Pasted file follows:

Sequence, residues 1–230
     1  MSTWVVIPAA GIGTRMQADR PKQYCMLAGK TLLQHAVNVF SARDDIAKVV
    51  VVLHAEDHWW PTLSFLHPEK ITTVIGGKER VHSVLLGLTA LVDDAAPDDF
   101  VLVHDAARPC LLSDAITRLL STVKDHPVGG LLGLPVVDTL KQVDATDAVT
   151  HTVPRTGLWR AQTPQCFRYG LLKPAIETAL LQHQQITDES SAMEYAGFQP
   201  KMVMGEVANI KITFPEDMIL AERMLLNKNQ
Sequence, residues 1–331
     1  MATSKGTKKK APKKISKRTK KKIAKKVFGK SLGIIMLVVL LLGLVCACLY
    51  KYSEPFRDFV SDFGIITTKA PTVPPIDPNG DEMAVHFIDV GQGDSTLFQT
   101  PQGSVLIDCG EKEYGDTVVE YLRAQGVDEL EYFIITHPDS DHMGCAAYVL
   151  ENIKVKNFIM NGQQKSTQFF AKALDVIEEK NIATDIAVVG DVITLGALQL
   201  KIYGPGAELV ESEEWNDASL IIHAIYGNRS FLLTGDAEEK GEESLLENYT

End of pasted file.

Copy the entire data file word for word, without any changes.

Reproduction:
Sequence, residues 1–230
     1  MSTWVVIPAA GIGTRMQADR PKQYCMLAGK TLLQHAVNVF SARDDIAKVV
    51  VVLHAEDHWW PTLSFLHPEK ITTVIGGKER VHSVLLGLTA LVDDAAPDDF
   101  VLVHDAARPC LLSDAITRLL STVKDHPVGG LLGLPVVDTL KQVDATDAVT
   151  HTVPRTGLWR AQTPQCFRYG LLKPAIETAL LQHQQITDES SAMEYAGFQP
   201  KMVMGEVANI KITFPEDMIL AERMLLNKNQ
Sequence, residues 1–331
     1  MATSKGTKKK APKKISKRTK KKIAKKVFGK SLGIIMLVVL LLGLVCACLY
    51  KYSEPFRDFV SDFGIITTKA PTVPPIDPNG DEMAVHFIDV GQGDSTLFQT
   101  PQGSVLIDCG EKEYGDTVVE YLRAQGVDEL EYFIITHPDS DHMGCAAYVL
   151  ENIKVKNFIM NGQQKSTQFF AKALDVIEEK NIATDIAVVG DVITLGALQL
   201  KIYGPGAELV ESEEWNDASL IIHAIYGNRS FLLTGDAEEK GEESLLENYT